So, the last walk of our week in the Lakes. We’d planned for a nice long ‘easy’ stroll up St. Sunday’s Crag to Fairfield and Dollywagon Pike. However, the night before, as you’d expect from an ex military man and a female with OCD, a plan ‘B’ had to be made, especially as the weather was looking decidedly more grim than the start of our week, Oooh the start of the week, Friday evening in the sun and a pint at the Coledale with the ‘Happy Hiker’ Mr. Dickinson. The weather now resembled an early November, than late Spring.
Anyway, Wednesday morning shows its misty head and the Pennines were covered with low cloud and no doubt a few drops of rain. But, we were a good few miles away from our goal but we’d made an alternative route, keeping lower but still taking in a couple of Wainwrights.
We’d planned a route over High Seat, Bleaberry Knott taking in Walla Crag, starting and finishing at Ashness Bridge. But we still had hope and planned to use the Blencathra-o-meter to decide our quest.
Breakfast was a slow affair as we awaited the much wanted clear cloud that the Met App had promised, and to be honest, the Pennines were starting to stick their feet out from under the cloud and the Deer at the bottom of the caravan site were basking in the odd ray of sunlight squeezing itself through the otherwise grey day.
We got ready at a leisurely pace, picking at fruit and finishing coffee. It had been decided, seeing as it was probably going to be a low level walk, I would carry everything leaving Kel only burdened by her Pinot Flu and her iPhone with the Betty Ford clinic’s number on speed dial.
We set off down the A66 once again to our latest quest. The road works seemed a little bit too frequent and a little bit unplanned for a jubilee week, half term and a horse fair….oh yes… the horse fair. I have no problems with the traditional horse drawn trailers, but how many white transits and scrap laden flat beds can you fit in one county?!?!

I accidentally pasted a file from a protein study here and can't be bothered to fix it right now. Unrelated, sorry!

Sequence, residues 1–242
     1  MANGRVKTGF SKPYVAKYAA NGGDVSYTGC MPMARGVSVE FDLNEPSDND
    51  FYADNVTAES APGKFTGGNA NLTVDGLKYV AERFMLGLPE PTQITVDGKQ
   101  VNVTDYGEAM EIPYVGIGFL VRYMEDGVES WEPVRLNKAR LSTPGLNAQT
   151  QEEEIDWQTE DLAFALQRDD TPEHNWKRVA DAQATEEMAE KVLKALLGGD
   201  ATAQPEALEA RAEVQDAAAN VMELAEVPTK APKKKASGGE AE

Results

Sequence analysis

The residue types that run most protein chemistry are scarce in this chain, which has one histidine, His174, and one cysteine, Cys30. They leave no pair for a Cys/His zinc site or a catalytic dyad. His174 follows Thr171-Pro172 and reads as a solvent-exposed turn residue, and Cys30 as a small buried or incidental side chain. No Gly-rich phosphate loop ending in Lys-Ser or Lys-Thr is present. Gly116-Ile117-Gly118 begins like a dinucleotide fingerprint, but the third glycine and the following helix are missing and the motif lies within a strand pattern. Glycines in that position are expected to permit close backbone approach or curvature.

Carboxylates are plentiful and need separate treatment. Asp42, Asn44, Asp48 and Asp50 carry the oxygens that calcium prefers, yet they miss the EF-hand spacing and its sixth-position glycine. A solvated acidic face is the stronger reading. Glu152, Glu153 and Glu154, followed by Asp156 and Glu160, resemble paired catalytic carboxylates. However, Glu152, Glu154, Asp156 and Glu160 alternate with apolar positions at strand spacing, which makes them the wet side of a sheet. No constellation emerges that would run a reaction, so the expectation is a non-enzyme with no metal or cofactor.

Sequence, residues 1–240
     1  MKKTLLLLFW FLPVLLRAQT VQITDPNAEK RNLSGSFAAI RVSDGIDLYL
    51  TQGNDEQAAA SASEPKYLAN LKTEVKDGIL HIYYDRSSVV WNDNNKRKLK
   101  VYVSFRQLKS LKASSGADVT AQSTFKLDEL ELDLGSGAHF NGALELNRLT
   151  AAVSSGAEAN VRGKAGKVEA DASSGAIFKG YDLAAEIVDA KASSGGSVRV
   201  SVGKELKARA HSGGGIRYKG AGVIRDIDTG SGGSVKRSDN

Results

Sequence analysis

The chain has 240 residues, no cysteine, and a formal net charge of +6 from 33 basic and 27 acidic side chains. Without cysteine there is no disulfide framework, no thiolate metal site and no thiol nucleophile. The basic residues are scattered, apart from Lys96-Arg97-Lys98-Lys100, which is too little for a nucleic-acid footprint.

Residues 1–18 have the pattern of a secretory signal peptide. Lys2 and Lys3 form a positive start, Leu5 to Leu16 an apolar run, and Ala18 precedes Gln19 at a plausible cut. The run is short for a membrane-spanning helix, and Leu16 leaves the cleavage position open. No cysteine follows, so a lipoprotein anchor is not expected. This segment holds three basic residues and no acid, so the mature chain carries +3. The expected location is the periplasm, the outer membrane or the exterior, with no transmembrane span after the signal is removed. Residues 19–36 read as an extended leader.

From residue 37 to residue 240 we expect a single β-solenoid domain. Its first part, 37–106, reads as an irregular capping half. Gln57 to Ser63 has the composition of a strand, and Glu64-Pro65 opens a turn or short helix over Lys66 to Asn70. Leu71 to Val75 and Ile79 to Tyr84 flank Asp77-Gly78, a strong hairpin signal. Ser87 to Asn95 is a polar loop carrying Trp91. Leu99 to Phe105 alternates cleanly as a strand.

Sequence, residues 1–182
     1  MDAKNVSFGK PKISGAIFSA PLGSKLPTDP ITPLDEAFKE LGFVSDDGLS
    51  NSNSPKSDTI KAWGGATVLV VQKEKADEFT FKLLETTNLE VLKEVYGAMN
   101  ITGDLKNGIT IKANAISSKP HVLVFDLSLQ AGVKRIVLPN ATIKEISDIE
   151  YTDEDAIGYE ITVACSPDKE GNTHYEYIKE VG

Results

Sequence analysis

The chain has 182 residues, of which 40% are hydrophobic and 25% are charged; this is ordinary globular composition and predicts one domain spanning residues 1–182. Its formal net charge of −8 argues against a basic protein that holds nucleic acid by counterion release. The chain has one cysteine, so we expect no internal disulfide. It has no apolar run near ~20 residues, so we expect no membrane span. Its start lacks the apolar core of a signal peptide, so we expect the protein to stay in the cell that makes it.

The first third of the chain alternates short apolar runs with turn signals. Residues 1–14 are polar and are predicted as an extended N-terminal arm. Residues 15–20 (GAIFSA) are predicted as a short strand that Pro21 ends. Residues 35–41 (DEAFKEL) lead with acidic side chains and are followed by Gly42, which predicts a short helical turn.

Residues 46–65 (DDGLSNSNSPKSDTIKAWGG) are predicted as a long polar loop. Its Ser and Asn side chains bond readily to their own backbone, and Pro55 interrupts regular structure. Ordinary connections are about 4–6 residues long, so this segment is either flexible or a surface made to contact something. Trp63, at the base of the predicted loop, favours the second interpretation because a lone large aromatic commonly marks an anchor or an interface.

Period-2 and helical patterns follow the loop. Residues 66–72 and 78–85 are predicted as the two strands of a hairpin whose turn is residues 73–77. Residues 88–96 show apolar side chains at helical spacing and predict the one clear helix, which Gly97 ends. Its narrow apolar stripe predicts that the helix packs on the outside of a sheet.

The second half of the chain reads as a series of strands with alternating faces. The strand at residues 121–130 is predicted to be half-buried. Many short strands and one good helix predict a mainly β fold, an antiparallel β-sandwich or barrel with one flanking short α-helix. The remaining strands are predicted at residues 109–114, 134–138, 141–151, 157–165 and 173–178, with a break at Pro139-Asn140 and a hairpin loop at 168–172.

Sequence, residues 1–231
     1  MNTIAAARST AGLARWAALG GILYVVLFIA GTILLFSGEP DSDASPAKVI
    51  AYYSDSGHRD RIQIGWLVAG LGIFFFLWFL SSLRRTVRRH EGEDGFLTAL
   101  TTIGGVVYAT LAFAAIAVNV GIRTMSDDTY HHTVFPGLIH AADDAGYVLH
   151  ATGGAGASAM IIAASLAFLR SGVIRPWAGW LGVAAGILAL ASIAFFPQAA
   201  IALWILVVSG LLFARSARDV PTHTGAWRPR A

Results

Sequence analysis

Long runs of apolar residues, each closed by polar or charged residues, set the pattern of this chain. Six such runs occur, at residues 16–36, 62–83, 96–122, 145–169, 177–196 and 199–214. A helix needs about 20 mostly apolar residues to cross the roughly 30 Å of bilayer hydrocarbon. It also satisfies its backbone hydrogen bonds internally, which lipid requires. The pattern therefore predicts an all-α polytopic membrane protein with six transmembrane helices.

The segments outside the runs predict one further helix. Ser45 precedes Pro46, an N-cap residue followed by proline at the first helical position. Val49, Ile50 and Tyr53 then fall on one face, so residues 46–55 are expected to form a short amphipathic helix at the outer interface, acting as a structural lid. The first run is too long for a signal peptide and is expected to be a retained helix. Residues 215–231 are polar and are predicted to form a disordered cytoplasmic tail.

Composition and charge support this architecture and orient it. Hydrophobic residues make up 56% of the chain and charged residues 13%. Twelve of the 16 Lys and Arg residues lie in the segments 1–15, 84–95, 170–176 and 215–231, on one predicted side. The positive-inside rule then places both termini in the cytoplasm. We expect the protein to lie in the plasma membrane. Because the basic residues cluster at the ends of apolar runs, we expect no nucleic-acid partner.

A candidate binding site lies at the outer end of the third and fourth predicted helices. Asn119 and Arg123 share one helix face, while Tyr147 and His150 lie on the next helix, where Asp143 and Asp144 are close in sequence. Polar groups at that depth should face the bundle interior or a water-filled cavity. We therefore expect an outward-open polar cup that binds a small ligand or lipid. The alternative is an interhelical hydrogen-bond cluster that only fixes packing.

As Saddle Back came into view, or rather didn’t, we realised plan B was a goer!
The rain sprinkled Keswick and the low cloud burdened most of the high peaks as I bustled through a still packed Keswick into the Barrowdale Valley.
The turning for Ashness was soon upon us as we rattled the cattle grid. The famous climb up to the car park was choked with hikers but an unusual amount of spaces at the car park.
We parked and looked at the sky and the droplets on the windscreen. I’d conditioned myself to starting the walk in waterproofs and Kel the same. But the day wouldn’t start itself and lunchtime was fast approaching accompanied by the usual dramas if Kel didn’t eat, made worse by a drop too much wine the night before. Kel sat in the car and put her boots on, I braved the rain and got ready. A few more cars pulled into the car park with the occupants staring through the trees at the grey sky. My passenger door opened and Out popped a few fumes of Pinot followed by Kel looking a bit rough.
The route we planned was to walk up the footpath up the side of Barrow Beck, however, the path vanishes and he walked up the fence line to the bottom of Dodd. The path joins the original path near the top of the waterfall, which for the third time this visit was just a trickle. The rain was more like a heavy mist now as we climbed to the top of Dodd and the featureless Ashness Fell. The sky was lowering and most of the surrounding fells had their heads in the clouds. For a change this week, we were totally alone. Our usual walking partners weren’t with us and the crowds had filtered off and we were left with the usual odd lonely hiker and the friendly smiles.